As explained to Mrs. Soler by a spirit communicator, Carlos and Luisa had been linked together for many centuries by a powerful love. In their past incarnation, they were married and had a daughter who fell in love with a humble peasant.  They objected to her relationship and insisted that she marry into nobility.  The humble worker was deported and died in exile.  The daughter rejected a noble suitor and died prematurely, forgiving her parents for their blindness.  In effect, Carlos and Luisa purified themselves in the present lifetime for the suffering they caused their daughter in a past lifetime.

A lady Spiritist wrote to Amelia, informing her that a newborn child had been left at the door of her house and wondering if there was some spiritual significance to it.  Amelia asked a spirit about it and was told that in her past life the inquiring woman had belonged to nobility and was deceived and seduced by a baron.  The child was taken from her at birth to hide her dishonor and placed in an asylum.  In her remaining years, she wept for her lost son and undertook many charitable acts of helpless men in her son’s memory.  The abandoned child left on her doorstep in the present life was the child of the past life returning to her. 

In another chapter, we meet a man named Francisco Crea who was erroneously convicted of murdering a person and then spent 35 years in prison.  “Is it not true that the preceding story is horrific?” Soler asks, wondering where we can find eternal justice.  She received an answer from the spirit of Father Germain, who explained that some centuries ago, in another lifetime, the man killed his brother and was not held accountable. Thus, he served his time in a subsequent lifetime.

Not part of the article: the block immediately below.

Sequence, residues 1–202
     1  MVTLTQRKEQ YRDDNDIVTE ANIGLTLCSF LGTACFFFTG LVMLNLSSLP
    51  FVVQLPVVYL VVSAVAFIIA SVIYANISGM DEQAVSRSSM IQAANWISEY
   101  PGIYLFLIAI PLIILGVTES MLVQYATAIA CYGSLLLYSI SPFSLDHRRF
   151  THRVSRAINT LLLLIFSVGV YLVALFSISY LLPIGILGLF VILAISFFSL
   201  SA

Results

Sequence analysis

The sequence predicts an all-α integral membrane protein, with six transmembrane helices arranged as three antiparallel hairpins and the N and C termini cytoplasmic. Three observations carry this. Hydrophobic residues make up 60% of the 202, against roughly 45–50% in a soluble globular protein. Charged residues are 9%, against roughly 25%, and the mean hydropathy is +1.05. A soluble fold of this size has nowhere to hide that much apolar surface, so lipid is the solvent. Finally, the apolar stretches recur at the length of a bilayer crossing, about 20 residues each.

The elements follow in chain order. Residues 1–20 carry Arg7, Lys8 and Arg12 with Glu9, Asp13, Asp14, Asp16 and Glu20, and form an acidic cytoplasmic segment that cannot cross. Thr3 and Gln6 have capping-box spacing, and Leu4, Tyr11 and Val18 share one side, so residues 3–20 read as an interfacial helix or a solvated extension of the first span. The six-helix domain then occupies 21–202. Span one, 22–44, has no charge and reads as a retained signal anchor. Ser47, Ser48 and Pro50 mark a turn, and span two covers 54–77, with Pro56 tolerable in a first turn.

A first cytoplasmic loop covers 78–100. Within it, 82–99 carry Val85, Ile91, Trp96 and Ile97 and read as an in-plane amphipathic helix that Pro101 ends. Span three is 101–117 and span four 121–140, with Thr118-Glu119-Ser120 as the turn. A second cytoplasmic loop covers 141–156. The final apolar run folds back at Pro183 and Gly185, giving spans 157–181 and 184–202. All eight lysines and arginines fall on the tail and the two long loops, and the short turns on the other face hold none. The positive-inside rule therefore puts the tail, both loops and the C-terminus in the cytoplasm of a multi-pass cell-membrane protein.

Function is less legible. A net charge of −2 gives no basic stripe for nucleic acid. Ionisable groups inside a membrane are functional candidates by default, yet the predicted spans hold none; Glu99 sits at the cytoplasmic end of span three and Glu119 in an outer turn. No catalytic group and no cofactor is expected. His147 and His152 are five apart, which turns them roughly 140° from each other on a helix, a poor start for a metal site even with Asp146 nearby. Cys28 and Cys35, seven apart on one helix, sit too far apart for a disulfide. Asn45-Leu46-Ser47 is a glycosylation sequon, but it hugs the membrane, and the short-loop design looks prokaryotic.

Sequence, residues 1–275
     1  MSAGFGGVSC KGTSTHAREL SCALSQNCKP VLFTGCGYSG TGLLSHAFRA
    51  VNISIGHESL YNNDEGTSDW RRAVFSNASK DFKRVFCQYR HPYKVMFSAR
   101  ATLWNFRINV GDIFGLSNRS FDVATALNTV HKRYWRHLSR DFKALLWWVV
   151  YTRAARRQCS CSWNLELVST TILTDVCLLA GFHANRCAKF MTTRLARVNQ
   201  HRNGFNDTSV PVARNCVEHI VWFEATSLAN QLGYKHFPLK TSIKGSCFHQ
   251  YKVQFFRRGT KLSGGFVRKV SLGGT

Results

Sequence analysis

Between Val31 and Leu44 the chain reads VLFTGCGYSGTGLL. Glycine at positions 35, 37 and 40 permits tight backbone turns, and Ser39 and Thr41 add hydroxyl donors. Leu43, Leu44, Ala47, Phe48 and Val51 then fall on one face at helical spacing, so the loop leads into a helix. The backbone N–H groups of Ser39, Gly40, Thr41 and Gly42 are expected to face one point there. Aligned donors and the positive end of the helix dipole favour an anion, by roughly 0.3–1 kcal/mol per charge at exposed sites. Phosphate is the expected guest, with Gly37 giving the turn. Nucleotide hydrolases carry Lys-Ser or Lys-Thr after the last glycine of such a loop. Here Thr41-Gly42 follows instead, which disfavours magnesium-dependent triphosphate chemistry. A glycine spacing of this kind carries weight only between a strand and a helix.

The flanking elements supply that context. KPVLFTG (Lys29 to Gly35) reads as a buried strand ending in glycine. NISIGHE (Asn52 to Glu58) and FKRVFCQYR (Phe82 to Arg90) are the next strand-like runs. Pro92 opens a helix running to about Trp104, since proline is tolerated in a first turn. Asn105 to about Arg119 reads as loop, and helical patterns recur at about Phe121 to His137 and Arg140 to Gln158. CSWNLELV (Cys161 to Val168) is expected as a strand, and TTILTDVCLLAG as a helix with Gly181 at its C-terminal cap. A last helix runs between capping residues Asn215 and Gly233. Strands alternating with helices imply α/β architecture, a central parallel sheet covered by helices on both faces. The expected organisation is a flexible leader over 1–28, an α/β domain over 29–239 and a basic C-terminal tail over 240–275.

In still another story, Teodora Cruz wonders why her husband’s grandmother hates her so much.  Consulting with the spirits, Soler is informed that the grandmother is a rejected suitor from a prior lifetime who was dominated by violent passions. 

There are 41 other stories in which past-life activities are linked to the current life. The author offers much profound wisdom and philosophy in explaining the issues linking the lives.  Ms. Soler offers much profound wisdom and philosophy.  In the chapter on suicide, she writes: “Living without hope!...It is not living! To live without desiring is to die without agony. Living, dominated by indifference, is to anticipate the crisis of death, it is to open oneself the pit to bury our body in it; it is to become a gravedigger.”

Soler cautions against judging others based on outward appearances.  She tells the story of a homeless person who died of hunger, in spite of the fact that 31,000 pesetas were found in his bed of rags.  Having been very greedy and very much a miser in past lives, he learned the lesson of poverty in the current life, but his past hoarding remained partially with him, the result being that he needed yet another lifetime to learn the lesson of charity.

Soler refers to atheism as the most profound desperation.  “What is life without a tomorrow; the sketch of a painting, the prologue of a story, a voice without echo, a flower without aroma? On the other hand, when hope encourages us, what unlimited horizons present themselves before our eyes! The death of the one who waits, is the death of the just, as the Catholics say, sweet and tranquil.”

Michael Tymn is the author of The Afterlife Revealed: What Happens After We Die, Resurrecting Leonora Piper: How Science Discovered the Afterlife, and Dead Men Talking: Afterlife Communication from World War I.
His latest book, No One Really Dies: 25 Reasons to Believe in an Afterlife is published by White Crow books.